Mention the word “Bitcoin” to a South African, and you’ll receive one of two replies – either a look of confusion, or a skeptical glare that reveals a distrust and wary. If you’re lucky, you’ll find someone who actually understands the technology and has formulated an opinion on cryptocurrencies. This is, at least, in my experience. It seems the advent of new technologies are not so quickly adopted within my home country, and it’s rather disappointing because the possibilities are so vast – especially for an impoverished, struggling nation like SA. The blockchain brings with it qualities that are rarely found in SA, namely immutability and trust. With fiscal corruption levels at an all-time high, it’s easy to see the value blockchain and crypto brings. Yet why does it take so long to “cross the sea” and reach us? I have a few potential theories.
Let’s get this straight – I’m not saying South Africa is completely blind to cryptocurrencies. Quite the contrary. South Africa is actually one of the leaders in African cryptocurrency adoption! Yet the fact remains - we see many headlines regarding the topic, but very few of them positive. This is likely what places the doubt and skepticism in most South Africans: media representation. There is a tragic history of scams and Ponzi schemes based around bitcoin in our country, and these are often the only “projects” (for lack of a better word) that make it into the news. With very few developers or businesses based around bringing blockchain technology to the country, the average citizen is only exposed to the negatives.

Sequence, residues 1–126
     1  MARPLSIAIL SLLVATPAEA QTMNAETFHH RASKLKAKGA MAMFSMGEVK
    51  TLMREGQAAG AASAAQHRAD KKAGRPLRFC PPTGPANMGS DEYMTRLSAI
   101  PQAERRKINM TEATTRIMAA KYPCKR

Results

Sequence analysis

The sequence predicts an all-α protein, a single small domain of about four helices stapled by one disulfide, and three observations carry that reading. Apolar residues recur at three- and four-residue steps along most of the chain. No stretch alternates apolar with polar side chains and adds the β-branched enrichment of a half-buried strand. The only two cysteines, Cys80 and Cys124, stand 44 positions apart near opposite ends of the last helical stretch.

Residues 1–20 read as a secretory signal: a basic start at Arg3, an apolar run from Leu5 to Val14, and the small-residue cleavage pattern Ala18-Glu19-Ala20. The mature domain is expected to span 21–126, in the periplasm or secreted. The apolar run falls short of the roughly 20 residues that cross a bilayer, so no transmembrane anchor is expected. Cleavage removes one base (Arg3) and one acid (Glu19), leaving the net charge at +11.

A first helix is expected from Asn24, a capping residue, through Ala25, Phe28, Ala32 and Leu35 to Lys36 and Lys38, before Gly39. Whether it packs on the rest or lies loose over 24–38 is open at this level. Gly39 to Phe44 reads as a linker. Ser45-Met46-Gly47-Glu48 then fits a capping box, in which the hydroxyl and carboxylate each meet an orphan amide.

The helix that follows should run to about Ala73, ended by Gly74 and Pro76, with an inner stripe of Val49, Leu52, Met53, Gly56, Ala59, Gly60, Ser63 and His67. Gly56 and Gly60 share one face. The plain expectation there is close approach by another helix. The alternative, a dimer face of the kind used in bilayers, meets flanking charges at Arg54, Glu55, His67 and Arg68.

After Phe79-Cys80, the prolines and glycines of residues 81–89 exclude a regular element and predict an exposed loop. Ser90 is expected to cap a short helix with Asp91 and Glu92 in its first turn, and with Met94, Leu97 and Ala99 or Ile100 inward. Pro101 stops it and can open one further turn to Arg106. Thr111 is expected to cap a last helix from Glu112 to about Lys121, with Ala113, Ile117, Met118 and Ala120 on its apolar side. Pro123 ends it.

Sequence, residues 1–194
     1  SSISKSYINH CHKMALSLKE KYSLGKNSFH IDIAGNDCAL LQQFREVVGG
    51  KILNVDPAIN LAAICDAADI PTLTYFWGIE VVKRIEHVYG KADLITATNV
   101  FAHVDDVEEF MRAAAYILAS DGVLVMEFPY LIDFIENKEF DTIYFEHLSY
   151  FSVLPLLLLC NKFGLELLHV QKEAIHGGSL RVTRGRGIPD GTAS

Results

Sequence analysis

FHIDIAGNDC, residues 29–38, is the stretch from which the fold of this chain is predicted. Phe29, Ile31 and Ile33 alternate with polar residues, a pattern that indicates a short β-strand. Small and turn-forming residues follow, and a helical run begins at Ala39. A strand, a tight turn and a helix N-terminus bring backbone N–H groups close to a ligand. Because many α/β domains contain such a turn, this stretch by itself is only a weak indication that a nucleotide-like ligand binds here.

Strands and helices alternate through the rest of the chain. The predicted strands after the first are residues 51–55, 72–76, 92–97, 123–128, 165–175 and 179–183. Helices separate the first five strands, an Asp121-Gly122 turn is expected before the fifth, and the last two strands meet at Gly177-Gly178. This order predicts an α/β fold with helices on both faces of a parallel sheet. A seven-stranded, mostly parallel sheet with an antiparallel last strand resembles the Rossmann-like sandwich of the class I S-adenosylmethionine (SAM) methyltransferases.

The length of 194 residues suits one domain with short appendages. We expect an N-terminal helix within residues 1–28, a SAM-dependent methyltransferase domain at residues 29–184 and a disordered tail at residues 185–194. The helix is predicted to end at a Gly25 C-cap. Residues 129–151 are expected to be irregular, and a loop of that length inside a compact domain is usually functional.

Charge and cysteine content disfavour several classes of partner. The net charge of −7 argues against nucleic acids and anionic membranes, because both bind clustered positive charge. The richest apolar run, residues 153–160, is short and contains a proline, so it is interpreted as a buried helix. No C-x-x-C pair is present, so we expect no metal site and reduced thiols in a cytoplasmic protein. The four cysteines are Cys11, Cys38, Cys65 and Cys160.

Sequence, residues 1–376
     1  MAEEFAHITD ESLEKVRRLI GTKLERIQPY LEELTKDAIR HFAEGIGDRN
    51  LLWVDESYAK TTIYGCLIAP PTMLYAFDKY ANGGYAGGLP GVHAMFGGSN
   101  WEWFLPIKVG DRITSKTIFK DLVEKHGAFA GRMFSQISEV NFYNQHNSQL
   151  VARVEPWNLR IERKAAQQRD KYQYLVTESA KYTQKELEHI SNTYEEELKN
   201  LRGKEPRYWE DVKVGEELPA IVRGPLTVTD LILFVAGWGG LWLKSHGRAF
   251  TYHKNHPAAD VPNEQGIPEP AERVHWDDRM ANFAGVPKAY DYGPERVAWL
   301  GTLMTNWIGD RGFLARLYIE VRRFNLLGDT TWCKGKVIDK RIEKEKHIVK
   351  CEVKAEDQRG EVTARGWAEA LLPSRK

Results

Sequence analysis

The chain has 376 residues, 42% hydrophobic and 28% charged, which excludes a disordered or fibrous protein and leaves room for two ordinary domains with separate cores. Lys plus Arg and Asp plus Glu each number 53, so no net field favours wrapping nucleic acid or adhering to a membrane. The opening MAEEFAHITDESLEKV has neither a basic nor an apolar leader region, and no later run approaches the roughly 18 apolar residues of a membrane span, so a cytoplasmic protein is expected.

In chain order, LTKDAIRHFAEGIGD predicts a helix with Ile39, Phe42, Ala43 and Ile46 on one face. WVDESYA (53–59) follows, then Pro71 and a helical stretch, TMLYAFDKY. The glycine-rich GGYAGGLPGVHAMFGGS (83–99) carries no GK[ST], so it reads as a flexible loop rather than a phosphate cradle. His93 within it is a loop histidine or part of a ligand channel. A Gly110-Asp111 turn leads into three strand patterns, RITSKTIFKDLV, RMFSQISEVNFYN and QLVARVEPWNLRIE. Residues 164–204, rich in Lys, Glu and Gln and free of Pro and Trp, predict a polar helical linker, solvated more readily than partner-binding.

Those who are fighting the good fight are generally limited to exchanges – websites like Ice3X (SA’s biggest exchange) and Easy Crypto (an online crypto retailer/trader). These don’t garner attention in the public eye, and can only be found if one enters the cryptocurrency space and actively seeks them out. Our biggest proponent for crypto in SA is undoubtedly the mobile wallet, Luno (use my code QERE4T for R25 free BTC!). They have brought crypto and the bitcoin experience to the average person. Of course, KYC is required to sell/transfer your crypto, so it’s not pseudonymous like other crypto wallets or DEX’s (decentralised exchanges), however it serves as a great route for the average guy or gal to invest just a few dollars (Rands in our case) into BTC and watch the price fluctuate. As more and more developers see the value and applicability of blockchain tech in South Africa, I don’t doubt that the technology will spread and slowly remedy the public opinion. This won't, however, be an overnight occurrence.